Silence, Safety, Belief & News Genius


There is some shit going down on the Internet with regards to News Genius, and I want to talk about it. By which I mean I don’t want to talk about it at all, I would prefer to ‘like’ my friend Ella’s facebook posts and blog posts and comment witty things that are supportive, I would like to be helpful in a quiet way.

So I’ll talk about that instinct toward silence. Because the feeling that leads me to avoid posting some political things on facebook because I know that I have friends who will jump down my throat about it and accuse me of having no political knowledge (ignoring that I fucking majored in political science in college, but whatever) is the same feeling that makes me not want to speak up when a friend says something sexist is the same feeling that keeps me from wearing stuff I wanna wear to a party if I know I have to walk home at night by myself and I would just rather not deal with even more street harassment is the same feeling that makes me not want to write this blog post. Even though my friend is getting fucked with on the internet and it makes me angry. Even though I think she’s right and she’s asking for backup and if we don’t support each other, who will support us? Even though I think it’s the right thing to do.

Even though I too am just some 23-year-old ladyperson with a blog and maybe it seems like the stakes aren’t that high and what am I afraid of anyway? Some strangers on Twitter threatening to kill me or rape me? Why should I care? I write about my rape on the Internet and I’ve survived, I’ve said my fuck yous the people who reacted negatively. People call me brave and strong. Why should I care? But I do care, because those strangers on Twitter are real people with real bodies and real words and they could hurt me, just like the men who catcall me could hurt me if I don’t navigate it correctly (and why do I have to navigate it? Why can’t they be the ones who are afraid about how that interaction could end?). Just like the friends on facebook are also friends/acquaintances/colleagues in real life and could cause me emotional pain with their words or actions. And beyond that, even if their threats on Twitter do not translate to threats in real life, they still throw language around that the receiver has to absorb and deal with. Those emotions are important and painful and unfair. And perhaps it’s easy to say they shouldn’t matter if you don’t have to deal with all the other shit too, with the sexist language and commentary and threats and harassment in all areas of your life. If you’re a white man who has only experienced that kind of shit on the Internet and thus can laugh it off as a joke. If you write for Gawker and have power and privilege.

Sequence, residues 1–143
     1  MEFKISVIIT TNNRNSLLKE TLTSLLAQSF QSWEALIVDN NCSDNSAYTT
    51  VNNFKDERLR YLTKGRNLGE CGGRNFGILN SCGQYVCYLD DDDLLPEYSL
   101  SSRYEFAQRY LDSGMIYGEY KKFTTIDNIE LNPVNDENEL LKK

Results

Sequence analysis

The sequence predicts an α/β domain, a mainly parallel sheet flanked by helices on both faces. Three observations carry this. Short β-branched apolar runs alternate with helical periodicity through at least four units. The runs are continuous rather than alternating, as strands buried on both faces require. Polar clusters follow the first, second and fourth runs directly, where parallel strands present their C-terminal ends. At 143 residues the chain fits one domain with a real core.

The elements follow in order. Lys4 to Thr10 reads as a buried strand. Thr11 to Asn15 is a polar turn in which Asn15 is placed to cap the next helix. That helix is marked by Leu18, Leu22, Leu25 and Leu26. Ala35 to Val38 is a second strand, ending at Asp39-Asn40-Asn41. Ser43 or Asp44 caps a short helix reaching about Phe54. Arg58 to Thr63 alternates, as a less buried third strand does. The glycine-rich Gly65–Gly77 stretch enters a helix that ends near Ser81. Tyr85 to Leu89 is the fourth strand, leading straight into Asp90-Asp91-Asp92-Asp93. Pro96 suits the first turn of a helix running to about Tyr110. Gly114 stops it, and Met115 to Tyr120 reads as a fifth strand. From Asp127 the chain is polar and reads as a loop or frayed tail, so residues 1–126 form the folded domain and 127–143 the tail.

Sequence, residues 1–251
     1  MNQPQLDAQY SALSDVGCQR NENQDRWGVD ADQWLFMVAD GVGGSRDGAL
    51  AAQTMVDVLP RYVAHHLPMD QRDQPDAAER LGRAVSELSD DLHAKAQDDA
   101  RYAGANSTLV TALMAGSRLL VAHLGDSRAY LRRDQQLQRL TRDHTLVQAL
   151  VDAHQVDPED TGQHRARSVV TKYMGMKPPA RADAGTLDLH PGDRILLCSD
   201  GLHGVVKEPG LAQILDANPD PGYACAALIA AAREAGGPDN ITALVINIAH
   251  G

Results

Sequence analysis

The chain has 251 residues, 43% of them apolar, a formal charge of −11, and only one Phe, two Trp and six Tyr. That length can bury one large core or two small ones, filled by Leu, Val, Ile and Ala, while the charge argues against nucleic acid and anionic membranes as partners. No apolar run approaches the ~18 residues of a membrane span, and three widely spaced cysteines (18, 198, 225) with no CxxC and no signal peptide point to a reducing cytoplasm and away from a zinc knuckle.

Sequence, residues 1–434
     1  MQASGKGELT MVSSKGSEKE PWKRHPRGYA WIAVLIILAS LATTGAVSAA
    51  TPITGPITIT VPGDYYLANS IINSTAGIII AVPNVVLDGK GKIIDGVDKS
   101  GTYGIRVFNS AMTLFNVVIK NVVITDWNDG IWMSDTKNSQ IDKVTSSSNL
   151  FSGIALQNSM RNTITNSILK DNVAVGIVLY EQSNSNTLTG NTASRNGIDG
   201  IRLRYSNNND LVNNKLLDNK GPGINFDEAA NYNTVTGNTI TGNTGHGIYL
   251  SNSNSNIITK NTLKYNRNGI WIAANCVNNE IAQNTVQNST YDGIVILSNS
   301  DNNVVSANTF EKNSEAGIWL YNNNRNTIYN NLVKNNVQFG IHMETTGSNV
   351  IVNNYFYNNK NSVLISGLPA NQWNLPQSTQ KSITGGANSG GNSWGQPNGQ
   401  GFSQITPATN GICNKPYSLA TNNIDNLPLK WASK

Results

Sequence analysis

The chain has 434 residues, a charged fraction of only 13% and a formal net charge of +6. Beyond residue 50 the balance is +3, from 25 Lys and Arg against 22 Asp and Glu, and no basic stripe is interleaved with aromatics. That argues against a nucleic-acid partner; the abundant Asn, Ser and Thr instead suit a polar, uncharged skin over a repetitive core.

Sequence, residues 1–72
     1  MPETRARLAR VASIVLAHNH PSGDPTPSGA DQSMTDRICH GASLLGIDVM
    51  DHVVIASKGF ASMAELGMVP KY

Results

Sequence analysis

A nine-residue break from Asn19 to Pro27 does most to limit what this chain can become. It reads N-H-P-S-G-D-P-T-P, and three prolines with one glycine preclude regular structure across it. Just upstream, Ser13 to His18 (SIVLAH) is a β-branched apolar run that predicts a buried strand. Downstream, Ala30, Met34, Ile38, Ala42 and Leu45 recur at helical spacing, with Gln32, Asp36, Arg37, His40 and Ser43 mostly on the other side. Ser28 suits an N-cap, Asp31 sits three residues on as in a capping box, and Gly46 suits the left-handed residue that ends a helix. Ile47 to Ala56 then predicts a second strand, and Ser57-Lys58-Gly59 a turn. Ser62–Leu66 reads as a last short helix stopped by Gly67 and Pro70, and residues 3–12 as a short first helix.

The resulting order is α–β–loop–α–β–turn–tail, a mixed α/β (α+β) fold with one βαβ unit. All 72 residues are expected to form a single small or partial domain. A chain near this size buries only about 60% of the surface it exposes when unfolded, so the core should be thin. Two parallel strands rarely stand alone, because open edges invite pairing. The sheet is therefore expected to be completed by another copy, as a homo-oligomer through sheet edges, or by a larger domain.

What I’m saying is: the feelings I described are not inseparable. They do not each exist in a separate vacuum. They exist within a larger context, the patriarchal and misogynist world that we all inhabit. And the people who say we’re mad about nothing or we’re mad about the Internet and didn’t we consent to be on the Internet and didn’t we know that this is how the Internet will treat us and don’t we know the difference between unkindness and abuse… are perpetuating that idea, the idea that all of this is separate. That there is some sacred boundary between the digital and the ‘real’ that makes the things said in a digital space not matter. That it is all anecdotal. That we cannot look at our lives and see the patterns that do exist. That we are hysterical, that we are paranoid. Does this sound familiar? It should. This language is gendered. This is not an argument I’m making, this is just a fact. We do not call men hysterical or shrill or bitchy or bossy or argumentative. We call women those things. We dismiss women that way.

So what I’m asking you here is this: please listen instead. If someone says it’s not okay to annotate their blog with abusive comments, that’s because they mean it and it does hurt. We have accepted the idea of comment moderation up until this point because it makes sense. There is such a thing as hate speech. They’re not making it up. They’re not causing drama about shit that they don’t actually care about. They’re not being hysterical. Specifically: Ella is not being hysterical. She shouldn’t need other people to validate her here, to say that yeah her feelings are real, they’re not just feelings, she has something to say about digital spaces, and you should pay attention. You should stop asking people who are being abused/oppressed/harassed to provide all the evidence of that, you should do your own research, you should read the things they’ve written before on a topic and stop asking them to provide you with the same information over and over again. I think that in Ella’s situation, she shouldn’t be put in the position of asking for back-up. Her voice should be valid because she knows what she’s talking about, she’s researched and written and lived this experience. And finally: talking about it shouldn’t make me afraid. By which I mean: that fear does not come from within, it comes from what I see happening to women who speak out on the Internet. How many times do we have to say this before you admit that it is real? How many incidents makes a pattern? Hundreds, thousands? Who does that serve? The answers here are not mysterious. The answers are, in fact, pretty fucking evident.

Speak up if you feel comfortable doing so, please.

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